Originally published in our December 1994 issue.
What has always amazed me about the story of Christmas is the idea that God chose to be a part of this world. That decision makes quite a statement, coming from a Creator. This world must be worth attending to.
The Christmas story occurs at a rocky time and place in history. One nationality was being oppressed by another. An aggressive empire was seeking to extend its influence and control throughout the known world. Poverty, disease, and ignorance plagued most of the population, while a few (maybe about 6%) lived in comfort, even riches. I used to wonder why God didn’t pick a better time to join us in our story. But then I have to wonder, when was there a better time?
Many times in Jesus’ life, he was challenged by both supporters and opponents to straighten everything out, wipe out the oppressors, make the tax system more fair, and bring an end to disease and poverty. He consistently turned those challenges back to the challenger. Jesus’ life had very little to say about winning, but much to say about risking, and humility, and being there.
Jesus walked and talked. He spoke with oppressors and oppressed. He spoke with tax collectors—maybe even fraudulent ones. He spoke with known sinners and private ones. He spoke with earnest seekers and with religious bureaucrats, with terminally ill people and suspected malingerers. In each encounter, he addressed the dignity, worth, and essential truth in the person he was with.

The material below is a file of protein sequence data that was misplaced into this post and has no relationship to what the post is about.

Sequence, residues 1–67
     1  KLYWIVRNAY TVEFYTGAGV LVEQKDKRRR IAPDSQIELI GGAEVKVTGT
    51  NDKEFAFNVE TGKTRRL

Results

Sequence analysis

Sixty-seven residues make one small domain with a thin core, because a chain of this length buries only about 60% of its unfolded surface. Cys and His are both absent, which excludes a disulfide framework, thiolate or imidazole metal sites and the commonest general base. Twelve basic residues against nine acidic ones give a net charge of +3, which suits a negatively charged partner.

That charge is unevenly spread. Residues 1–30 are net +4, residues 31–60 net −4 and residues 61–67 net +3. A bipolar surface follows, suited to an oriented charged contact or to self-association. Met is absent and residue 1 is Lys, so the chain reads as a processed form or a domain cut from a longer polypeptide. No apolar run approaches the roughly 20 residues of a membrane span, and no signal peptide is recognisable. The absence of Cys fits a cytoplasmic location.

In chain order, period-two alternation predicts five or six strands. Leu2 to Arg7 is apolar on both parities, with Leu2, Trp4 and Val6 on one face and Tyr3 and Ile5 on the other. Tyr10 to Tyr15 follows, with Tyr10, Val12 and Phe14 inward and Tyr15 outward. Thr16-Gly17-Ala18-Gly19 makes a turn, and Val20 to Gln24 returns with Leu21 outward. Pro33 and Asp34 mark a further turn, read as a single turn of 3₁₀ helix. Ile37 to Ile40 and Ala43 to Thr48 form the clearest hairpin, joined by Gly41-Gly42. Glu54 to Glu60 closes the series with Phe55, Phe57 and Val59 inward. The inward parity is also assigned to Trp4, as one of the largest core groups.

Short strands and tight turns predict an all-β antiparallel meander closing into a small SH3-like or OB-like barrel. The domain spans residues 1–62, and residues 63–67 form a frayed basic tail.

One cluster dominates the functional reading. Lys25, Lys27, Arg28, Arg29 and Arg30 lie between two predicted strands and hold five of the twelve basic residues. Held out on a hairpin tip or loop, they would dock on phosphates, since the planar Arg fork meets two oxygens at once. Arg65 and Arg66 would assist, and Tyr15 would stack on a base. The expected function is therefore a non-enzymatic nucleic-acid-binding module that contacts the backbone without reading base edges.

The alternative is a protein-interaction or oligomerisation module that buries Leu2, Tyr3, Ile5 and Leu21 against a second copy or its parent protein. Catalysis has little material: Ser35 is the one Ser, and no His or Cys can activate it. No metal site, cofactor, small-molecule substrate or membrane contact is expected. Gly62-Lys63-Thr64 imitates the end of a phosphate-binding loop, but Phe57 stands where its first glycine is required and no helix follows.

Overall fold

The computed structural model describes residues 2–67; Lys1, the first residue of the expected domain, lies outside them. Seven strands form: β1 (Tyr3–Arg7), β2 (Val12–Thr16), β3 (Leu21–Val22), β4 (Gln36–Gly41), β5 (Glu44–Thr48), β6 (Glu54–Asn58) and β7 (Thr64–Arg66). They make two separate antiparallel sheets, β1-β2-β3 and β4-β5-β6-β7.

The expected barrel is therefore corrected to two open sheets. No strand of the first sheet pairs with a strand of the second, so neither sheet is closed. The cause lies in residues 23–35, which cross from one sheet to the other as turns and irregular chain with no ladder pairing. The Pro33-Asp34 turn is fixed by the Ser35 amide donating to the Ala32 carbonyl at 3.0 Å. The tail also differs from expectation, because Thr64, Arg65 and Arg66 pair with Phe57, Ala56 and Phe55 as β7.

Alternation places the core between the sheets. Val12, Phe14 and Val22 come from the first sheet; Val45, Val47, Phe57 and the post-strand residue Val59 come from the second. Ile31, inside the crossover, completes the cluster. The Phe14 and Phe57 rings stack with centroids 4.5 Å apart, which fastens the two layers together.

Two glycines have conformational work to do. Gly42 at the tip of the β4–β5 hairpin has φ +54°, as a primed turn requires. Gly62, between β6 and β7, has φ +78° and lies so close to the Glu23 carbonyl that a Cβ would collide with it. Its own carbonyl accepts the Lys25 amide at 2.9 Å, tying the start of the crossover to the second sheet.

These conversations changed history.
In Jesus’ story, quiet, honest conversations challenged people to see and act upon the best in themselves, even when that value was deeply hidden in the trappings of a troubled society. The story is not finished yet. The example we are given calls us to engage in this world, in our time. We have conversations with family, friends, co-workers, neighbors, and sometimes with community leaders and political figures. These conversations can continue to weave a changed history.
Our country is like an empire, capable of exerting its power throughout the known world. Most of the citizens of our country do not question the rightness and necessity of violent intervention in border disputes and internal struggles of other countries. Alternative approaches—ideas that take into account the dignity and worth of all parties—could be part of our conversations.
We live in a land of extremes. Within this country, we now have a gap of historical proportions between the very richest and the very poorest among us. And in the world, even the poorest in this country may have a better chance of survival than the poorest in many other lands. But we are a nation of independent people; those who don’t “make it” are thought to be somehow flawed. Our conversations could reflect our faith in the worth of each person. Should I wait for a better time to engage with this imperfect world?
Should I wait till the politicians are less partisan, the issues less heart-rending, and the democratic processes more fair? Should I wait until I can assure myself that good will prevail, and militarism, poverty, and injustice will be overcome? Why go on, without such assurances? Because there is still so much to say and to hear and to question. There is still so much to build. The perfect time to continue the story is now.